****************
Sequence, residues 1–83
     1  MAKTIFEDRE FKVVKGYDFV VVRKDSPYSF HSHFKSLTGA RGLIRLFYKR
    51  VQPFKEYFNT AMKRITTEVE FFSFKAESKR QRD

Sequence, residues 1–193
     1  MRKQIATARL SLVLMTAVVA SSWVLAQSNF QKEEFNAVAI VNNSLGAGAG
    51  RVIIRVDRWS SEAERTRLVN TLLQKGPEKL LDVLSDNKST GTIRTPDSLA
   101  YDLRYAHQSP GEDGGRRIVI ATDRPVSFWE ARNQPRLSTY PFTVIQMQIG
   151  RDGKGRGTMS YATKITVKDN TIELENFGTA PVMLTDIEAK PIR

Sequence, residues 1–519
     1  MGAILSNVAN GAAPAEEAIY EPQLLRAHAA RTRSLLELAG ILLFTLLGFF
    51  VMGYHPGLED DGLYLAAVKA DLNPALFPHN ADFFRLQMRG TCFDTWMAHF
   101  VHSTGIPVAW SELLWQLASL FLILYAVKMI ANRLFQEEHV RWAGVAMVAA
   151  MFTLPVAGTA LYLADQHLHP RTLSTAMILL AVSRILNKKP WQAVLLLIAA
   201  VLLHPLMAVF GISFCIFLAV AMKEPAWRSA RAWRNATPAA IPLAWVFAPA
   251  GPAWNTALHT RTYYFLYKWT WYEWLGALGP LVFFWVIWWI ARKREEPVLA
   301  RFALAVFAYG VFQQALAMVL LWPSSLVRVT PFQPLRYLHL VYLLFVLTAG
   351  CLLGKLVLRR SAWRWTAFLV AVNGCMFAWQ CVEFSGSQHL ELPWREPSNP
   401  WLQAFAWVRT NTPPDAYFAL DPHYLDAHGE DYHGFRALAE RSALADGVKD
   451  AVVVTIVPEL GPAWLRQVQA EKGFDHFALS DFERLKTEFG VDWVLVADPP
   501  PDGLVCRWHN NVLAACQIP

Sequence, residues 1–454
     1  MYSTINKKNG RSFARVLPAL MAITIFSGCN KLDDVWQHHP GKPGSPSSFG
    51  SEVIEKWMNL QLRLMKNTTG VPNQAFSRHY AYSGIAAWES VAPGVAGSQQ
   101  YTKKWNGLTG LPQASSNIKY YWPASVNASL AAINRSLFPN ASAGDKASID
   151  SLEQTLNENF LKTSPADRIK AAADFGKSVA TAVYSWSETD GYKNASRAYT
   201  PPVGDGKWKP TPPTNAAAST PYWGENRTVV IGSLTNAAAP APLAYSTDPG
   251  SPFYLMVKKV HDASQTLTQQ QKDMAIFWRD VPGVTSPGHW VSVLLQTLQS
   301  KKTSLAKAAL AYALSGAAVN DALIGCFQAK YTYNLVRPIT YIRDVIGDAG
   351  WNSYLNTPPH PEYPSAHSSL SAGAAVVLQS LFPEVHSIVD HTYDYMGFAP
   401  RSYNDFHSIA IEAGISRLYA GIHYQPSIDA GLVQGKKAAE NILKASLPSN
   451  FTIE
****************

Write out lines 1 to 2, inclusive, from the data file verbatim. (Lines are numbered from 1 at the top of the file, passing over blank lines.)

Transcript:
Sequence, residues 1–83
     1  MAKTIFEDRE FKVVKGYDFV VVRKDSPYSF HSHFKSLTGA RGLIRLFYKR